Astronauts spy on a super-typhoon, Mars sprouts black-and-white veins, Hubble spots green galaxy ghosts and more in our picks for this week's best space-related images.
Seen from space, the eye of Typhoon Maysak looks like a sinkhole in the clouds above the Pacific Ocean. This image, taken by astronauts aboard the International Space Station, was snapped on March 31 while Maysak was a Category 5 storm. As of April 2, the super-typhoon had crossed the Federated States of Micronesia, where it caused five deaths, ruined crops and contaminated water supplies, according to the Sydney Morning Herald. A slightly weakened but still menacing Maysak is expected to make landfall in the Philippines over the Easter holiday weekend.
Veins of mineral deposits jut out of the Martian surface in an area nicknamed Garden City in this recently released mosaic panorama from the Mars rover Curiosity. The two-toned veins are made of layers of light and dark material, some stacked together like ice-cream sandwiches, according to rover science team member Linda Kah. On Earth, such veins form when fluids flow through cracks in rock, leaving behind mineral deposits. The multi-hued nature of the Martian veins suggests that different types of fluids moved through the cracks at different points in time, so studying them could reveal more about the red planet's watery past.
Glowing green tendrils surround the galaxy known as NGC 5972—one of several galaxies recently shown to be haunted by the ghosts of their past meals. Images from the Hubble Space Telescope released on April 2 show similar loops and braids surrounding eight galaxies classified as quasars. These cosmic objects have supermassive black holes in their centers that are actively feeding on infalling matter, which gets so compressed and heated that it sends out bright radiation. Astronomers think the green wisps orbit quasars that used to be much more powerful, so that their beams of radiation charged up the distant filaments and made them glow. These quasars have since quieted down, but the green structures remain, serving as echoes of their former glory.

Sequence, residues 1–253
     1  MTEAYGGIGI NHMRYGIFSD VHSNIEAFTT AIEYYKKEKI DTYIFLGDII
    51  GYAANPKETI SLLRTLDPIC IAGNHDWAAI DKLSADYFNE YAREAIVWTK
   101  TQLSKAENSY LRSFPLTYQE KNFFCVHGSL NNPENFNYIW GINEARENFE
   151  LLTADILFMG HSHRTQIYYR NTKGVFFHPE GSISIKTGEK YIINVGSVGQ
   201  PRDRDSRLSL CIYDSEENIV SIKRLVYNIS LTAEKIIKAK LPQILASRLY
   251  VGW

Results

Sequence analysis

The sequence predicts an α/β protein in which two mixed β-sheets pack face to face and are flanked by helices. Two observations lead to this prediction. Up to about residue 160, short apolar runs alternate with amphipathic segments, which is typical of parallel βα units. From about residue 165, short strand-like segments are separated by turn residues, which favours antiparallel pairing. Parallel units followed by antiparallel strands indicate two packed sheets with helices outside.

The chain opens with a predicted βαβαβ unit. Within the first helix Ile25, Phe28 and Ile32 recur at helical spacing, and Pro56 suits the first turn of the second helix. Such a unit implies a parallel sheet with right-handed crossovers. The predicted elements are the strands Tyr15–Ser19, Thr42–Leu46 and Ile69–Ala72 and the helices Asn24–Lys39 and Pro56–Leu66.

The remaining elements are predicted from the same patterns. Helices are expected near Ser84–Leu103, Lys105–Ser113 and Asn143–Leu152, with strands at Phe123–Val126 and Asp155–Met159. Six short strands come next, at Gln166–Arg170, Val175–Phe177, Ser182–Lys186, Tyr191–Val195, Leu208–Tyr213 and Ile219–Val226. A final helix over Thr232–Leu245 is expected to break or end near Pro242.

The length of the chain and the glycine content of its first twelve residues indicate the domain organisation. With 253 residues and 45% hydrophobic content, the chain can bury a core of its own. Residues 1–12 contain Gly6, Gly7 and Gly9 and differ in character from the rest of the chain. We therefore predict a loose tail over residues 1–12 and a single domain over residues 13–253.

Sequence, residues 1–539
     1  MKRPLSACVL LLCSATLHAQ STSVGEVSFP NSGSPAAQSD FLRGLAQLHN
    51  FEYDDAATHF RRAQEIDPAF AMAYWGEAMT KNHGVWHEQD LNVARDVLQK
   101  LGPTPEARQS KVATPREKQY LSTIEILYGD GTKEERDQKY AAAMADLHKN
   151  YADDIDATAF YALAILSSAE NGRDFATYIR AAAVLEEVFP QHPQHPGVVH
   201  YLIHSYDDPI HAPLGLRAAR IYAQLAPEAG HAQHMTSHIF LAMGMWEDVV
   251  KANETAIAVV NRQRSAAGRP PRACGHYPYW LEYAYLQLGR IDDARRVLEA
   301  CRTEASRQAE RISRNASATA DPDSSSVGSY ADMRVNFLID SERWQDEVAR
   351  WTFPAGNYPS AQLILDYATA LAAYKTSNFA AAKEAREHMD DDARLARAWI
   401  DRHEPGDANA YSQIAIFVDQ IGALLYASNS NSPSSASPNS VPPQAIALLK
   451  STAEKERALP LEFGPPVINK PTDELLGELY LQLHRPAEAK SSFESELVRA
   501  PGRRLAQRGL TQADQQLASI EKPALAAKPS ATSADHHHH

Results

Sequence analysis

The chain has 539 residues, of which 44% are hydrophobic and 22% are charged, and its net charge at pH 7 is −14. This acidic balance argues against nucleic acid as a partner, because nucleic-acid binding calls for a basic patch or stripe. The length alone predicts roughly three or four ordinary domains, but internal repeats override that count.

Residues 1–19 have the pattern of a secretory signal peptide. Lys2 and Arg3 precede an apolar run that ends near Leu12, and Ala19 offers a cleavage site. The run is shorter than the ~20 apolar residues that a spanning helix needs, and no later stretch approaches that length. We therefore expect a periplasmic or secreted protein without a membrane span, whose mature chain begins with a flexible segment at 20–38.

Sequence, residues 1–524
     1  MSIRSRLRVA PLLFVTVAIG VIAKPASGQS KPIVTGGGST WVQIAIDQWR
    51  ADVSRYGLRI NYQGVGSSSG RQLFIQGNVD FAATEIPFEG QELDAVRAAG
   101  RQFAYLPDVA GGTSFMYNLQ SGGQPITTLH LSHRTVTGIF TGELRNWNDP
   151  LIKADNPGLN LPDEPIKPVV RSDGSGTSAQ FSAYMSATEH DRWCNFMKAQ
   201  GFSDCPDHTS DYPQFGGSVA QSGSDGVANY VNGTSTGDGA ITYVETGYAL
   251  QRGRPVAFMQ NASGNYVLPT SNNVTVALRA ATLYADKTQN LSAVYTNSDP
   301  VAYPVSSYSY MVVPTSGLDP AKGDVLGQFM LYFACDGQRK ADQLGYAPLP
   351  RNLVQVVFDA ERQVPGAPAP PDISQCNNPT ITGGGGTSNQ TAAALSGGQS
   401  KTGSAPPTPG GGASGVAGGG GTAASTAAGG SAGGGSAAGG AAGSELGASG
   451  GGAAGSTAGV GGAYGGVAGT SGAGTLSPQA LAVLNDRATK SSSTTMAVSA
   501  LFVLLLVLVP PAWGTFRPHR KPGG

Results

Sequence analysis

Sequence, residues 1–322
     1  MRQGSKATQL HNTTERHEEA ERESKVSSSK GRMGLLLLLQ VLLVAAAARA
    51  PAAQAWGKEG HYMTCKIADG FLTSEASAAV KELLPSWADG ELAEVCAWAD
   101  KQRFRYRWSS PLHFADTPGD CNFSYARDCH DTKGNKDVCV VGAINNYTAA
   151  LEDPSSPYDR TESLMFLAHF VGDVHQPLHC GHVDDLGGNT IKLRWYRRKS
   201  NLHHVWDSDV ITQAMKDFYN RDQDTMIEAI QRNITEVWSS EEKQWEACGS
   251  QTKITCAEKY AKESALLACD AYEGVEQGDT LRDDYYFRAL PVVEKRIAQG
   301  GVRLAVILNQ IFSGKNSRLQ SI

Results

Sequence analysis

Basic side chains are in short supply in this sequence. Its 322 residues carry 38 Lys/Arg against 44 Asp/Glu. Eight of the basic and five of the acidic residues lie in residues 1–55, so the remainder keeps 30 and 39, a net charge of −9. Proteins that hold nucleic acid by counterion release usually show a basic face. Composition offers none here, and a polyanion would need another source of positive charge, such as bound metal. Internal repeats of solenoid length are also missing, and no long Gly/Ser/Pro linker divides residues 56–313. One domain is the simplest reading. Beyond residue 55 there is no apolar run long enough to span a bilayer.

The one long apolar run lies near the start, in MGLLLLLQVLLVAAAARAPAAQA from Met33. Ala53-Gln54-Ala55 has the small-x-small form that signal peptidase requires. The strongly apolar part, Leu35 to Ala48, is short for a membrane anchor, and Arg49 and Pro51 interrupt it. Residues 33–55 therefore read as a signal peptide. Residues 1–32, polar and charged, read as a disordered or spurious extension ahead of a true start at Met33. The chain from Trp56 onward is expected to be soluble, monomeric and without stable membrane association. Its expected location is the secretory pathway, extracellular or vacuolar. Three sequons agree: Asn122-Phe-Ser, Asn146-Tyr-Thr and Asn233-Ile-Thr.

Cosmic Cat's Paw
Gravity is usually the main player in the story of star birth: cool clouds of dust and gas collapse under their own weight and spark stellar formation. But new research from the Harvard-Smithsonian Center for Astrophysics suggests magnetism also has a crucial supporting role. Using multiple observatories, the team examined dust in the Cat's Paw Nebula, a rich cloud of star-forming material about 5,500 light-years away. Since dust aligns with magnetic fields, the team could trace magnetic orientation in the nebula and get a sense of how it influences star birth at multiple scales. Their work, described online this week in Nature, shows that magnetism is involved in many stages, from shaping star-forming nebulae to regulating the material available for individual stars to blossom.
This artist's illustration shows baby stars blowing bubbles as they might look to the human eye in the star-forming region known as IRAS 16547-4247. Astronomers using the Atacama Large Millimeter/submillimeter Array (ALMA) in Chile spotted the multiple gas outflows in radio data, which indicates that a cluster of high-mass stars is being born in the region. The births of very massive stars have been harder to study, because these stars form in shrouded clusters and are usually farther from Earth than their low-mass cousins, making it difficult to tease out details. But the recently completed ALMA observatory has better resolution than its predecessors, giving astronomers finer views of these kinds of complex systems.
In the arid U.S. West, snowfall in the mountains acts like a freshwater savings account—melting snow trickles down the slopes to replenish rivers and reservoirs. But in California, troubles caused by ongoing drought are being compounded by a severe lack of snow in the Sierra Nevada mountains. Images from NASA's Aqua satellite show the drastic reduction in snowfall between 2010, the last year that saw average winter snowfall, and 2015. Data from NASA’s Airborne Snow Observatory show that the Tuolumne River Basin, which supplies water to San Francisco and its surrounding neighborhoods, contained only 40 percent of the water content the same region held in 2014, which was already one of the driest years in California's recorded history.